Spoken word artist Abdi Phenomenal has one goal to achieve in his latest stage play, “Chronicles of the Diaspora”: To shed light on some of the unspoken, taboo topics in his Somali-American community.
The play relates stories of mental illness, drug abuse and domestic violence in the community — stories that have had profound effects on many families and individuals, but received little attention.
“Nobody talks about these issues,” he noted. “People are suffering in silence because they’re afraid they’ll be cornered and ashamed if they come out.”
Phenomenal hopes to change that. Through the play, based on true stories, he wants to start conversations about the issues and to encourage members of the community to create a supportive environment for those struggling with the conditions.
He has completed the script, which has been in the works for about a year. Now he’s recruiting 11 Somali-American actors, who will perform in English and Somali.
On Monday evening, the first audition for the play will open at Brian Coyle Center. In March, the traveling play will début in Minneapolis, followed by other stage performances in St. Cloud and Rochester.
“Chronicles of the Diaspora” is about two families and their experience in the United States. In one family, there is Laila, a recent college graduate who is determined to succeed. After college, she tells her mom that she wants to move out to live on her own.
But her single mother, who clings to the traditional practices of the Somali culture, disagrees because she believes that girls should never live outside their parents’ home no matter their age. The only time Laila would be allowed to move out is when she gets married.
“For Laila — coming from individualistic American society — happiness means being independent and doing what makes her happy,” Phenomenal said. “But there’s a unique struggle of being a Somali: Making your mom happy because she wants you to stay home until you get married.”
The mother also has two boys: one with mental health problems who’s attempted to commit suicide at school and another who’s had run-ins with law enforcement and is angry at the justice system.
In another family, brewing domestic violence gives way to chaos and drug abuse, Phenomenal explained:
“You’ve a mother and a father. In Somalia, the mother used to be a stay-at-home mom and the father was college-educated and had a professional job. But in the U.S., the mother is actually the breadwinner. She’s making all the money. Her husband is a taxi driver.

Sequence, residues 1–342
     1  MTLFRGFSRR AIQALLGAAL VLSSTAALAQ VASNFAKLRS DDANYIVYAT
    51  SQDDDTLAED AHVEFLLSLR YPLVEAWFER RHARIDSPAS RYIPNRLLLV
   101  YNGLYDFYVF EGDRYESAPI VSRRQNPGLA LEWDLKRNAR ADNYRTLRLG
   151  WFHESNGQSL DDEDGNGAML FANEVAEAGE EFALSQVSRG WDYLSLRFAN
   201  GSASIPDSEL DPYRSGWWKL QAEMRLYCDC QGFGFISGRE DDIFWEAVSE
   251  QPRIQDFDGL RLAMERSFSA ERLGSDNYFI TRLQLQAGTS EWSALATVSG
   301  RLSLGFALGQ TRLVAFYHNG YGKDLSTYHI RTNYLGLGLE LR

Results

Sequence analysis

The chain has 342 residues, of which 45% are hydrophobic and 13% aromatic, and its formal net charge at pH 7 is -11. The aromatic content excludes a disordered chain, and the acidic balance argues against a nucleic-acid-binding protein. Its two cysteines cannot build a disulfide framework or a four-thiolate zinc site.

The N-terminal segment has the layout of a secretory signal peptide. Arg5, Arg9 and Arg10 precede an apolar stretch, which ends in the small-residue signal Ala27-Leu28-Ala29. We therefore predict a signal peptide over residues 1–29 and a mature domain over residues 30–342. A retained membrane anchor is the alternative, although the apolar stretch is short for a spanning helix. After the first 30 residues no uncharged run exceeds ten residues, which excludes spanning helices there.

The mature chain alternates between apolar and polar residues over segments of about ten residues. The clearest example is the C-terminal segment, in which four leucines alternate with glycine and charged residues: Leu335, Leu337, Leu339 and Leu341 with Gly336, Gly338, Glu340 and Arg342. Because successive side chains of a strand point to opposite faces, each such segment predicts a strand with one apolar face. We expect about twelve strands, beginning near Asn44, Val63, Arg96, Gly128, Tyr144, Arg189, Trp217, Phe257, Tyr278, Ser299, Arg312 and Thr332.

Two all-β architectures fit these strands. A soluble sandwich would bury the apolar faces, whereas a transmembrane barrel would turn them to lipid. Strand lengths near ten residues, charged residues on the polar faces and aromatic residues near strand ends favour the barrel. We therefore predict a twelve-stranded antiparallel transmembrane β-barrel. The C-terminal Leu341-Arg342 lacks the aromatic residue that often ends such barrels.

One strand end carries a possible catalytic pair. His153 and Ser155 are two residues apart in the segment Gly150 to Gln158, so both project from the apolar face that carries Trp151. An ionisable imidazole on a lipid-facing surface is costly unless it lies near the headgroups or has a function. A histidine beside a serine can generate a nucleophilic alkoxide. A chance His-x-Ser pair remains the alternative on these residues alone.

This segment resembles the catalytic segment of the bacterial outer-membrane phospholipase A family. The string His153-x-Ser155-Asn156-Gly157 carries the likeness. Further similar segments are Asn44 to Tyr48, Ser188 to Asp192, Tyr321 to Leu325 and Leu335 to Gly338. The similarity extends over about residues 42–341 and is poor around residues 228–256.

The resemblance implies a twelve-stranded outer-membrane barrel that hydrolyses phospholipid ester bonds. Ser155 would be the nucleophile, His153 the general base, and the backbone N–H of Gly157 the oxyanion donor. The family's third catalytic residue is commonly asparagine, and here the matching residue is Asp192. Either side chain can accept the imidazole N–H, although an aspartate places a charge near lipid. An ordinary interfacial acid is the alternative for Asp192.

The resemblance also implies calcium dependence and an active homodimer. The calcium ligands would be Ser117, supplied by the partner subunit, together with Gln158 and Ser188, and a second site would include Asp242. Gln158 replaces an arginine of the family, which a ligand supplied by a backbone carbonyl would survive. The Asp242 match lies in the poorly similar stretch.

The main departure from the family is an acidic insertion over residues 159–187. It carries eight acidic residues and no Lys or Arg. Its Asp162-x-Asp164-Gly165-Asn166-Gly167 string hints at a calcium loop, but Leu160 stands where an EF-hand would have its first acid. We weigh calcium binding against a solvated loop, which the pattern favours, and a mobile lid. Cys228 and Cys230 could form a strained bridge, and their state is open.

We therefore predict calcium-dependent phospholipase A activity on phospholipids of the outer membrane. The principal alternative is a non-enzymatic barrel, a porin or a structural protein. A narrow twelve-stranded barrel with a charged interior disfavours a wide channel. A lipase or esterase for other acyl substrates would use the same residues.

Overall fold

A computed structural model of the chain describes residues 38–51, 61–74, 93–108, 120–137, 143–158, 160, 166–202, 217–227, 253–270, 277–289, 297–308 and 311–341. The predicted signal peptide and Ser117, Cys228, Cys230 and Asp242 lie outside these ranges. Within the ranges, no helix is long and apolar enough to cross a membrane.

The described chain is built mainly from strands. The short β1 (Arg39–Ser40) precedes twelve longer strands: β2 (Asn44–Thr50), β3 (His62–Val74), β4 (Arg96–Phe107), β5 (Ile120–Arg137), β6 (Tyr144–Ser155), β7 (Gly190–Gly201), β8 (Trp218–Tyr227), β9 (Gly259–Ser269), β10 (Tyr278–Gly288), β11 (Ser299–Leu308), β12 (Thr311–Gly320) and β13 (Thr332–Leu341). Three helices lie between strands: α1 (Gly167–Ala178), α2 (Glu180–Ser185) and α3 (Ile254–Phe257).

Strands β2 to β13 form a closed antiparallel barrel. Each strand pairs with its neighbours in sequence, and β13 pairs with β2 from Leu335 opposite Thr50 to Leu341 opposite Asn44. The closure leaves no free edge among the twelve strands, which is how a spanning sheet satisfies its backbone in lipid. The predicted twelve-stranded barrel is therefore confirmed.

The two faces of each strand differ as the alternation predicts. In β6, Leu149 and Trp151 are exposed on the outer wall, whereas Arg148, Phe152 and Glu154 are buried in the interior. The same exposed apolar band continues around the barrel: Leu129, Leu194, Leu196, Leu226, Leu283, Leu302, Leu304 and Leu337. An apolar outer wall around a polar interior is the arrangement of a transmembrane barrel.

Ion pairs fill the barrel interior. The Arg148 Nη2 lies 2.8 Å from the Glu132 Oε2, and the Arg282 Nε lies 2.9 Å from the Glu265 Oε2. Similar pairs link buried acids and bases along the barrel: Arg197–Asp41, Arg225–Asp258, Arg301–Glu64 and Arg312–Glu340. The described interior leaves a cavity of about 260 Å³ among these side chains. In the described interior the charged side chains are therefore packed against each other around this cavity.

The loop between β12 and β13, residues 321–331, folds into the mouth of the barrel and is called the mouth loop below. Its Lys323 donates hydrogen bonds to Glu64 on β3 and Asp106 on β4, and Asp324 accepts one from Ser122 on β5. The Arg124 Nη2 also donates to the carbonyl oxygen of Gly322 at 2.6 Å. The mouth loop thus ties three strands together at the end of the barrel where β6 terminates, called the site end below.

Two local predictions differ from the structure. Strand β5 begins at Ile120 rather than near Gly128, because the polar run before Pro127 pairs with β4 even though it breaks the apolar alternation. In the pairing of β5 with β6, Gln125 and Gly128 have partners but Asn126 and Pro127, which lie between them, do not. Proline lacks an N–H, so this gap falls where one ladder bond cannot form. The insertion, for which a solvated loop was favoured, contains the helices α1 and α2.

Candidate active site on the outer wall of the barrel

“These [Somali] men are telling him, ‘You have no balls. Your wife is the one that has the balls in the house. She makes the decisions because she’s the breadwinner.’
“Living in our culture, the man is always the breadwinner. And that crushes his ego, knowing that he’s not able to provide for his own family. It forces him to be hopeless and frustrated. So he ends up becoming abusive.
“He starts to abuse her and beat her up all the time. And they’re going through a bad divorce throughout the whole play.
“In the middle of that bad divorce, there’s this little kid called Kalid, who’s lost in the midst of all of this, who’s forced to side with either his father or mother. Then, he starts to avoid the house.
“Throughout the play, you’ll see that this kid is avoiding the house because of the altercation that’s happening. So he finds love, compassion and care through addiction.”
In the midst of all this chaos, however, the play shows that each member in the two families strives to preserve the Somali culture — and to pursue the American dream. Some eventually achieve that; others won’t.
For the two decades Phenomenal has lived in the United States, he has observed members of the community who have suffered in silence as they wrestled with addition, mental health problems and domestic abuse.
Often, he said, these issues stem from clashes of the American and Somali cultures. Many times, he added, parents expect their children to be 100 percent Somali at home; they want to live their lives according to the Somali culture.
But when they step out of the house, he noted, society almost forces them to assimilate, to do as Americans do. “Balancing the best of both worlds, as immigrants, can sometimes be a burden,” he added.
Phenomenal isn’t a stranger to the challenges he’s trying to interpret in the play. Raised by his single mother, he arrived in the United States when he was 7, escaping the civil war that erupted in Somalia. He came of age in Minneapolis and Eden Prairie, leading a difficult life and feeling torn between the clashing Somali and American cultures. “We were one of the newest [Somali] immigrants in Minnesota,” he said. “I had a lot of identity issues.”
Turning to poetry
For survival, Phenomenal resorted to art. He found poetry to express himself, to voice the struggles he lived through.
“I always tried to use poetry as a tool to kind of steer me away from other negative influences,” he said. “I think without poetry, I would have turned to negative influences. So it kind of saved my life.”
At 28, Phenomenal is the artistic director at Ka Joog, a nonprofit organization that works to improve the lives of Minnesota Somali-American youth. He’s traveled to Africa, Europe and Canada for spoken word performances.
Last year, he was among a group of Somali-American leaders from Minnesota who were invited to the White House for a summit on Countering Violent Extremism, where he performed “More than Heroes.”
“Chronicles of the Diaspora” is funded in part by a $200,000 grant that Minnesota legislators set aside last year to help Ka Joog provide arts programs to Somali-American youth across the state.
“The whole play takes place in the living rooms of the two families,” he said. “I hope it will start a dialogue about the issues. I hope it will lead to something better.”